The Upright Citizens Brigade recently celebrated its fifth anniversary of going Hollywood with a big night of comedy at its Los Angeles theater in September. Three of the UCB founders have moved from NYC to LA, and over the years, many popular Harold and Maude players and groups have followed suit. LA Weekly caught up with Messrs. Besser, Roberts and Walsh for an interview, and here's how they explained their motives upon making the big move West: Matt Besser: The Tamarind Theatre here on Franklin happen to open up and it was during the same time that many of the performers from UCB New York were moving out here, so it was good timing that way. We started with more of a focus on improv in New York. In L.A. there was already improv, so we wanted it to start off with more of a balance between sketch and stand-up for the L.A. branch. That's one of the main differences between the two theaters. Immediately, we had Comedy Death Ray, which in my opinion, is the best stand-up show in town. We also have many shows that combine performers whether it be a game show or a story-type of show. That was always the aim of this theater. Ian Roberts: Another goal is to have a place that we wish existed when we first started. A place that is...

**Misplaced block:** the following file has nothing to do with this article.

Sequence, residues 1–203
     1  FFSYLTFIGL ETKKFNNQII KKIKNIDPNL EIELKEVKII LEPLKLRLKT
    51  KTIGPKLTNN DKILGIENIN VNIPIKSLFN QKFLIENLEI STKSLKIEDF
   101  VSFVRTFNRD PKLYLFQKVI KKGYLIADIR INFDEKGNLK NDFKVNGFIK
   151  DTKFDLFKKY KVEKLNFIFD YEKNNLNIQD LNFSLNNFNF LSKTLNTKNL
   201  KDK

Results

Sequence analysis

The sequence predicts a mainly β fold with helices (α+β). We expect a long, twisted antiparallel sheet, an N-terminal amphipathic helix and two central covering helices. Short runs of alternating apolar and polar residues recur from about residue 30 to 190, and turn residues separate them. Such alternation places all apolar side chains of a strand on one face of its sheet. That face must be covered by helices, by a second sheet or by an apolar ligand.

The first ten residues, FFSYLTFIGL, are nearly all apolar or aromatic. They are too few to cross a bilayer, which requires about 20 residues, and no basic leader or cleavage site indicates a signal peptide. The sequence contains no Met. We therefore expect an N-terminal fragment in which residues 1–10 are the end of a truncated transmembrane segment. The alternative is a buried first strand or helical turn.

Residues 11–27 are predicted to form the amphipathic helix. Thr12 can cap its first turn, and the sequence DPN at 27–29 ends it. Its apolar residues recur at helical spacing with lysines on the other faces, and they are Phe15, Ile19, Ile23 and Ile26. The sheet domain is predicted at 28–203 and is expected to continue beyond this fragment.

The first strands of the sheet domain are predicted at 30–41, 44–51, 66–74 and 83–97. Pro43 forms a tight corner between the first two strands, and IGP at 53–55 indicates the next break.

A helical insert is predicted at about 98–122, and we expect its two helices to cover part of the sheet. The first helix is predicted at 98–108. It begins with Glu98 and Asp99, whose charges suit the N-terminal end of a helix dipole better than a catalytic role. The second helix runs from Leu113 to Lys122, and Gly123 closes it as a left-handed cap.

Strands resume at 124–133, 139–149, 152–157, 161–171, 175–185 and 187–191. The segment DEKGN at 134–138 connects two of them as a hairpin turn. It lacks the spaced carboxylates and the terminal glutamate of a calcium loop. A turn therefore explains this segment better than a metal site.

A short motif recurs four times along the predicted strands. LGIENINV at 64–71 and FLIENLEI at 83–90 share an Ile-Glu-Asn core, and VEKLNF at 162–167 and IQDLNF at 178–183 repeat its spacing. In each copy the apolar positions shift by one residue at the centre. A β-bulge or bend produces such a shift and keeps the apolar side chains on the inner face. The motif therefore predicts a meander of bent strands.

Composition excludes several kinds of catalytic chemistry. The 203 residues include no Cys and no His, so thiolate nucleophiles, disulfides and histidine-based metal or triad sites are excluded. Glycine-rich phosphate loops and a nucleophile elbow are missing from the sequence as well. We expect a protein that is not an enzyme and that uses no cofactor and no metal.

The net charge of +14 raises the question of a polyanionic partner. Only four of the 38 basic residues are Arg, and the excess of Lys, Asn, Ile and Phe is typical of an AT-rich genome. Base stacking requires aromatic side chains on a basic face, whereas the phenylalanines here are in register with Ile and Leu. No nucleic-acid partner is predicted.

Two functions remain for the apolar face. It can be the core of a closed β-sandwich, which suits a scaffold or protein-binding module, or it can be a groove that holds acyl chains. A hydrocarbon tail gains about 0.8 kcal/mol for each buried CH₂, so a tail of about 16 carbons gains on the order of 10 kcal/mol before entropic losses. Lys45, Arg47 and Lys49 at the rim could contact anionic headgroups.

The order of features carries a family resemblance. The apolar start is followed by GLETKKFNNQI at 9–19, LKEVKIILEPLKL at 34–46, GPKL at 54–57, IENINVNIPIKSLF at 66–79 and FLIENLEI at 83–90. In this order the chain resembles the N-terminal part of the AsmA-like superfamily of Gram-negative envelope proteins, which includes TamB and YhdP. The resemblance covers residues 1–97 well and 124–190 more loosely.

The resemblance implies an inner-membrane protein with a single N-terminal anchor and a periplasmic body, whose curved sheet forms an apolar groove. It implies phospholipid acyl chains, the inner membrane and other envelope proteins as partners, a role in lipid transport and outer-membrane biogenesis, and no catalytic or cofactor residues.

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Ben Stiller’s Zoolander will get a sequel, but there’s a catch or three: It’ll be animated, online, shorts